Specifically, we would have focused on gathering simple data about each COVID-19 case, the date when the infection was confirmed, the patient’s age, gender, home and work addresses, means of transportation and contacts, and supplemented this with additional data on hospitalisation and outcomes as the disease progressed. These data may already exist in many cases, but are hidden from society and often from officials by overzealous or turf-minded health ministers, and are not being made available to the many trained analysts who could contribute to policymaking. And as the OECD has suggested, governments could also adopt approaches that use individual cellphone data, Internet searches, and rapid telephone surveys, with due regard for privacy concerns.

Many governments believe that this kind of data-driven strategy for tackling the pandemic is beyond their capacity, and decide to piggyback on what other countries have learned by adopting best practices. This is the wrong approach. The pandemic’s effect on countries differs in ways that we currently do not understand and need to discover. Are people living in Peru in households without refrigerators actually more likely to be infected, for example?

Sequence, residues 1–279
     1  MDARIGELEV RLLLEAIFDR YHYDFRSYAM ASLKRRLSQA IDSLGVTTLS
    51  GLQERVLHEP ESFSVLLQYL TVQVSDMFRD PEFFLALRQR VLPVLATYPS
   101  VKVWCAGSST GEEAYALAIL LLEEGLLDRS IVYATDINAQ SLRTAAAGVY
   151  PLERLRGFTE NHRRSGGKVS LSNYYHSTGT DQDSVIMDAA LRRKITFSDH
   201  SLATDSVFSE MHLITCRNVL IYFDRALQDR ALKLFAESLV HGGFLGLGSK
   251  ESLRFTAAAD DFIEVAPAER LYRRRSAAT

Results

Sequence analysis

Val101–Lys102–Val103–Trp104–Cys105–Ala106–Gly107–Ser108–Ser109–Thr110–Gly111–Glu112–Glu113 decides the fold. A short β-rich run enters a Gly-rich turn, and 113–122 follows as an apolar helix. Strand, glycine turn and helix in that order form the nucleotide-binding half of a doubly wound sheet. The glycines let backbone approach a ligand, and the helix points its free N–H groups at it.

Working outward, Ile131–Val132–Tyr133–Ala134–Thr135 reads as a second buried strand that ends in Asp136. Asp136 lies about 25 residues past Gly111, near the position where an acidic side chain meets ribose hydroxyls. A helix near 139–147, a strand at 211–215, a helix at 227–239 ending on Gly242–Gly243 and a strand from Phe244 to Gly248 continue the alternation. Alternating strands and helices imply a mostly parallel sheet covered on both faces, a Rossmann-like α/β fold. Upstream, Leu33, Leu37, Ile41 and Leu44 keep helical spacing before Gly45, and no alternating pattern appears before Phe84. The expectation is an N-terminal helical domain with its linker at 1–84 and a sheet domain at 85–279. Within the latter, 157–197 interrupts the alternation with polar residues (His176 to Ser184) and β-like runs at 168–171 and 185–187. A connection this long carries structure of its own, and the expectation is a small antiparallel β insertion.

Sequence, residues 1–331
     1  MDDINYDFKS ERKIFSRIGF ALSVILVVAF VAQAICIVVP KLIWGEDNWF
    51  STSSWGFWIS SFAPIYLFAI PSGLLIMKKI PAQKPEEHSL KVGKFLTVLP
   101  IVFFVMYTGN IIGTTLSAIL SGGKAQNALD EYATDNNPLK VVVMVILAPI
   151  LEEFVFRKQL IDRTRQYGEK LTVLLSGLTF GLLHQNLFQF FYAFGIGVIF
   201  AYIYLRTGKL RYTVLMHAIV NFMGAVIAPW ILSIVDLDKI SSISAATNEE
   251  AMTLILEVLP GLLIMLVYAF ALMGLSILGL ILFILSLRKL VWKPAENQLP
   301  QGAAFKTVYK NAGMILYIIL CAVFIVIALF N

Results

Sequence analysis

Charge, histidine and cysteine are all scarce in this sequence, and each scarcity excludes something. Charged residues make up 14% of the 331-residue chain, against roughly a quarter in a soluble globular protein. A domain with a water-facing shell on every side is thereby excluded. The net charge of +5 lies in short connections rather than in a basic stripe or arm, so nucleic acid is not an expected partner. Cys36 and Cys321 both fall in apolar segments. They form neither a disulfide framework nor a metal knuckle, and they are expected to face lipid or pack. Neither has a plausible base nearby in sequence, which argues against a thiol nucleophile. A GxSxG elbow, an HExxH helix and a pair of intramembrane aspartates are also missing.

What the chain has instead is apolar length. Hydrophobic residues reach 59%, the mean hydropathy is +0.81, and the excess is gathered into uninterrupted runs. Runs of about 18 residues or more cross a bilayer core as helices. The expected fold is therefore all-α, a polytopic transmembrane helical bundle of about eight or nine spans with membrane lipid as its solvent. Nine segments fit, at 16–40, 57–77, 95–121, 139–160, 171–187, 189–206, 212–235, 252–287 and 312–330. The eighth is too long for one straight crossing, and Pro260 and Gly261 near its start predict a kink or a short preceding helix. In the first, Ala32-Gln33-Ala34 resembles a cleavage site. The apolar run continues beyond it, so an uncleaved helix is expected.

Moreover, each lockdown and social-distancing regime is different, reflecting the many degrees of freedom in their design. Finding out what works and what doesn’t on a daily basis is now critical, especially as we try to find ways to open up economies while holding down infection rates.

The fight against COVID-19 is still in its early stages, and it is not too late to start this effort. After all, Socrates said that knowing you know nothing is a contradiction in terms. Let us therefore make our knowledge of our ignorance about the virus, and of our ability to overcome it, a source of strength. Let us set ourselves up to learn.

 

Ricardo Hausmann, a former minister of planning of Venezuela and former chief economist at the Inter-American Development Bank, is a professor at Harvard’s John F. Kennedy School of Government and director of the Harvard Growth Lab. Copyright: Project Syndicate, 2020.

www.project-syndicate.org